Mastering the Art of Small Talk – Tips for Networkers

Small Talk

From an article by James Adonis for the SMH:

“For those like me who are too shy, too awkward, too bored or too incompetent to engage in small talk, here’s a selection of tips courtesy of Debra Fine from her bestseller, The Fine Art of Small Talk, published a decade ago.

Talk to a stranger: Rather than waiting to be introduced to someone, just walk up to a colleague you haven’t met and start chatting. Make an effort, too, to remember their name and to insert it occasionally into the conversation.

Arm yourself with icebreakers: A few suggestions from the author include:

  • “How did you come up with this idea?”
  • “What do you see as the coming trends in your business?”
  • “What’s the most difficult part of your job?”

She suggests a question should always be prefaced with a statement so that it doesn’t sound too full on. The first bullet point, for example, can begin with “I love your idea”, before leading to an enquiry about it.

Infiltrate a group of people: Fine recommends this can be done by standing close to them and making it obvious you’re listening. Then, and this is the important bit, be cognisant of signs they want you to join them, such as when they start “asking your opinion”. An easy one to miss, that one.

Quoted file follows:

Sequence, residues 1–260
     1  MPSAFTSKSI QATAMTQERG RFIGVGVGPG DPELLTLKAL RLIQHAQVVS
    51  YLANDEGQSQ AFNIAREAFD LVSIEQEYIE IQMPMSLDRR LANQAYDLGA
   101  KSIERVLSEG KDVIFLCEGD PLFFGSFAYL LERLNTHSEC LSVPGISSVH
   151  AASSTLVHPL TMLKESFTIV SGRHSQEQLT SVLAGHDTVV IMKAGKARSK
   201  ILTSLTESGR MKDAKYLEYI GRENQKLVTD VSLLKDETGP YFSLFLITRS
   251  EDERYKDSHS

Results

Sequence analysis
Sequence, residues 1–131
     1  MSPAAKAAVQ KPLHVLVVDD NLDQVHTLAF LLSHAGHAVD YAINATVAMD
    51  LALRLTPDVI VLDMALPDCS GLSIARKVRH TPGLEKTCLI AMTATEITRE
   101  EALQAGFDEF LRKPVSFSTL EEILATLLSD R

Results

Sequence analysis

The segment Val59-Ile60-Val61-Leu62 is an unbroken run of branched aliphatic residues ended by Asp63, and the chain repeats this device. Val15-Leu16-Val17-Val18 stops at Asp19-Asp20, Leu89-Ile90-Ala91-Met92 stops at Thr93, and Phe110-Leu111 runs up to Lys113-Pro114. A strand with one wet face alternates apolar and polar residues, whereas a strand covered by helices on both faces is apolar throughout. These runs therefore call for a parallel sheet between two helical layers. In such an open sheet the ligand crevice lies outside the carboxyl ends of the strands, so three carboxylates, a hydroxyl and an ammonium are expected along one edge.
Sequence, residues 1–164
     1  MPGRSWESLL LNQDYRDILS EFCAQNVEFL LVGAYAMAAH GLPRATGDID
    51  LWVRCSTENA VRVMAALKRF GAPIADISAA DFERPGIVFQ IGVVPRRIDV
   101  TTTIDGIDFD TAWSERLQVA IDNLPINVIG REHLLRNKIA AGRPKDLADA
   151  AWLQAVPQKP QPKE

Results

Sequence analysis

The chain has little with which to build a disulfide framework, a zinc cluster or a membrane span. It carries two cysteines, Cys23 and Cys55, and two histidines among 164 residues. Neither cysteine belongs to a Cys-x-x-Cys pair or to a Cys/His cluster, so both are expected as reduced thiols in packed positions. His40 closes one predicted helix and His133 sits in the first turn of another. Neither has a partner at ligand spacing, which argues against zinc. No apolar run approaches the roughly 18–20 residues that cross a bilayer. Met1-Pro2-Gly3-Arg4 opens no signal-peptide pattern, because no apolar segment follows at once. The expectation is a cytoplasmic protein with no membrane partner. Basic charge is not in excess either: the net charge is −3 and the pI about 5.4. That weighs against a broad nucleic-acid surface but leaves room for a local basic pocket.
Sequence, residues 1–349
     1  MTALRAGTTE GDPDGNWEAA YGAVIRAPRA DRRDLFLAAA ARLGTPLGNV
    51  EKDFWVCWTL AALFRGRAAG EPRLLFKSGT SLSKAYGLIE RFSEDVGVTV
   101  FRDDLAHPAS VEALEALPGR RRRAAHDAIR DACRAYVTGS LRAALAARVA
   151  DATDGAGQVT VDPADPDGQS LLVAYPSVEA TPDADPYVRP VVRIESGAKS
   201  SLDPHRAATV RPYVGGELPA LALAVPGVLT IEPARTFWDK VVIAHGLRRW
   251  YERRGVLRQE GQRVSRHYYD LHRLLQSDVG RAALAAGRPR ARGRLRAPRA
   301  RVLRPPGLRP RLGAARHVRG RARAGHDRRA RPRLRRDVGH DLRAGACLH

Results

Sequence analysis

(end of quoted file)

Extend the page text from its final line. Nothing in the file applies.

She has many other ideas, many of them useful. Ask open-ended questions (those that can’t be answered with just one word). Ask probing questions (those where you seek to hear more about a particular point). And observe what people are wearing, how they’re acting, where they’re working, and ask questions about that stuff as well.

There’s a theme here, I think. It seems to be linked to the old truism that we have two ears and one mouth for a reason.”
Read more:

Slam Dunks for Credibility Visibility

crediblityYour credibility is very important to prospective customers. Many times your actual expertise is irrelevant and your success rests on your ability to prove your credibility. Your customers must believe you have the ability to provide the desired product or service.


Assuming you do have skills or product required to do the job, the following will give you a credibility refresher.

The thesaurus uses words like” belief, credence, credit, assurance, faith, trust, truth, confidence, presumption, dependence and reliance” to define credibility. A customer considering your product or service is taking a risk and therefore must believe you can satisfy their needs before they will move forward or have an appreciation of the value your price offers.

The Basics of Visible Credibility

Physical demonstrations of credibility include maintaining an image which is credible means that your physical office/store space must be reflective of success in your chosen occupation. Tatty and worn furniture or carpet, a dated equipment, decor, dirty windows or bathrooms and an unswept entry do not inspire confidence when your prospect arrives at your business premises.